Here we go loop de loo here we go loop de lai...

This text assumes that you have:

IMQ was the solution: (OLD URL:

First, get the 2.4.20 linux kernel (assuming Debian here folks! May need the unstable apt-site in your /etc/apt/sources.list):

  1. # apt-get update

  2. # apt-get install gcc libcurses5 libcurses5-dev kernel-package kernel-headers-2.4.20 kernel-source-2.4.20

  3. # cd /usr/src

  4. # bunzip2 kernel-source-2.4.20.tar.bz2

  5. # tar xvvf kernel-source-2.4.20.tar

To install the IMQ Patch (from the FAQ):

Get the combo patch imq-2.4.18-combo-patch.txt and the precompiled shared libs libipt_IMQ-1.2.6a.tar.gz matching your iptables version (iptables -V - was 1.2.6a for me).

Put the patch file in /usr/src

  1. # cd /usr/src/linux

  2. # patch -p1 <../imq-2.4.18.diff-combo-6

    • (make sure it's the right name you saved from above)
    • find where iptables keeps its shared libraries (/lib/iptables and /usr/lib/iptables is common)
  3. # tar xvzf libipt_IMQ-1.2.6a.tar.gz -C /lib/iptables

Then you need to make and install your kernel. Here's my .config config-2.4.20-imq file that I used to compile my kernel. It's a pretty stock 2.4.20 kernel, patched with the IMQ patch.

  1. # cd /usr/src/linux

  2. # make menuconfig

You will have three new options:

Networking options

IP: Netfilter Configuration --->IMQ target support

Networking options

IPv6: Netfilter Configuration --->IMQ target support

Network device support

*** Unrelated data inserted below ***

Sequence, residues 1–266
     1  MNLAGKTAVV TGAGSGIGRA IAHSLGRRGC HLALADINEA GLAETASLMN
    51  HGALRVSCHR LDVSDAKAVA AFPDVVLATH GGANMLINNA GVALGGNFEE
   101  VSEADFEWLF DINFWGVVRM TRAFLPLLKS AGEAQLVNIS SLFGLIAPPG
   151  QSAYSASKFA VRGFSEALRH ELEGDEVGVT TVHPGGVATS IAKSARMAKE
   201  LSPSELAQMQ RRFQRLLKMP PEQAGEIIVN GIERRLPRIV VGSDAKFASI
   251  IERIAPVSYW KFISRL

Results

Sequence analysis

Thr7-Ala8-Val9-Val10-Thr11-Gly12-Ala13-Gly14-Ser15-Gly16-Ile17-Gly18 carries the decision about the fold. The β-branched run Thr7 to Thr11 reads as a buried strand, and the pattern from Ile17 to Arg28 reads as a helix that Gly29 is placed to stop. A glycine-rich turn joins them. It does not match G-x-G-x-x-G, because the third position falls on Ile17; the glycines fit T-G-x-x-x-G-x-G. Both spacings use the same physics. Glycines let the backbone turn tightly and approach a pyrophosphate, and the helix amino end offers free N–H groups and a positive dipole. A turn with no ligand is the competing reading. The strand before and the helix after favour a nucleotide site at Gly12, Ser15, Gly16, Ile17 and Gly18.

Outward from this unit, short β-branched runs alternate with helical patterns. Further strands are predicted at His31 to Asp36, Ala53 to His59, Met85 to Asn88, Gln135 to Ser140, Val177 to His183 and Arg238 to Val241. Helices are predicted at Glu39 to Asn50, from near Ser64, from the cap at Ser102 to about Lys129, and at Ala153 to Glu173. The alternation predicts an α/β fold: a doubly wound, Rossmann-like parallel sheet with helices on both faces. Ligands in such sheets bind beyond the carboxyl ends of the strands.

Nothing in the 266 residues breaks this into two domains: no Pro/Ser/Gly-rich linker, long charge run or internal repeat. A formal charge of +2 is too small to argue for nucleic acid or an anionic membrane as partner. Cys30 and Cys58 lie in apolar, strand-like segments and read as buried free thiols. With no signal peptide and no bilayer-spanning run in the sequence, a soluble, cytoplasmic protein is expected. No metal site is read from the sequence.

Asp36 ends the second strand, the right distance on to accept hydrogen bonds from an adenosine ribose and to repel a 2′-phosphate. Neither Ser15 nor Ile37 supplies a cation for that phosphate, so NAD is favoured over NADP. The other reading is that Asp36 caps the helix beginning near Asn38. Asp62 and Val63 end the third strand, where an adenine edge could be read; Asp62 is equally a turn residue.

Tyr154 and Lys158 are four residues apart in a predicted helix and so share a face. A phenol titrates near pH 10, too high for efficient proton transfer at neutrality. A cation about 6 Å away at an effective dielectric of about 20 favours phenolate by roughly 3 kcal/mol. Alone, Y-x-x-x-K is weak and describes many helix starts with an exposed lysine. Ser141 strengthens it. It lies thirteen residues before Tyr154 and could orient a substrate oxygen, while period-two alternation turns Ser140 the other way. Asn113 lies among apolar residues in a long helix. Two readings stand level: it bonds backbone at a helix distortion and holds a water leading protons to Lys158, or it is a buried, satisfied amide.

IMQ (intermediate queueing device) support

Choose at least one of the targets and the device itself. Netfilter debugging should be turned off, otherwise cou get lots of annoying messages.

  1. # make dep modules bzImage modules_install

or, for DebianLinux, I use Thing's Kernel Recompile Page:

  1. # make dep

  2. # make-kpkg clean

  3. # make-kpkg --revision=thing.2.0 kernel_image

  4. # type dpkg -i name_of_the_kernel.deb

May give you a warning to move your libraries if you're on the same kernel level. If so do this and then retry installing the kernel package.

Next, replace the throttle.fw initialize.fw and access.fw scripts, typically located in /usr/local/nocat/bin

Here's some test results I have:

Thinkpad logged in as Public, Mac logged in as Public
Download 200 KB file at same time: 89 kb/s each
Download 200 KB file solo: 167 kb/s each (fluctuates up to 263 kb/s for solo - but this is a live node)

Thinkpad logged in as Public, Mac logged in as Member
Download 500 KB file on Mac, 200 KB file on ThinkPad: 500 kb/sec Mac, 250 kb/sec ThinkPad

ThinkPad logged in as Public, Mac logged in as Owner
Download 2 MB file on Mac, 200 KB file on ThinkPad: 1000 kb/sec Mac, 250 kb/sec Thinkpad

Looks pretty fair to me - the 2 publics aren't stomping over each other (1 drowning out the other).

There's a lot of stuff in the scripts that I need to take OUT, but it's working right now, and I'll deal with that Jingo problem later. Next, is to make a nice PHP frontend to the user admin page.

-- DanRichardson

Great stuff Dan, thanks! I'm really curious about the "fairness" of it. When you have a chance could you setup two clients and ping flood from one (to something on the local network but on the other side of the nocat gateway) and then try and authenticate from the other client)?-- AdamShand

You must have been editing when I posted my initial tests. Not sure which direction you want those tests run. Be more specific, or come down and try it yourself. :-). Oh yeah, feel free to pretty it up all you want. I'm WikiRusty. --DanRichardson [CategorySoftware]

BandwidthShaping (last edited 2007-11-23 18:02:45 by localhost)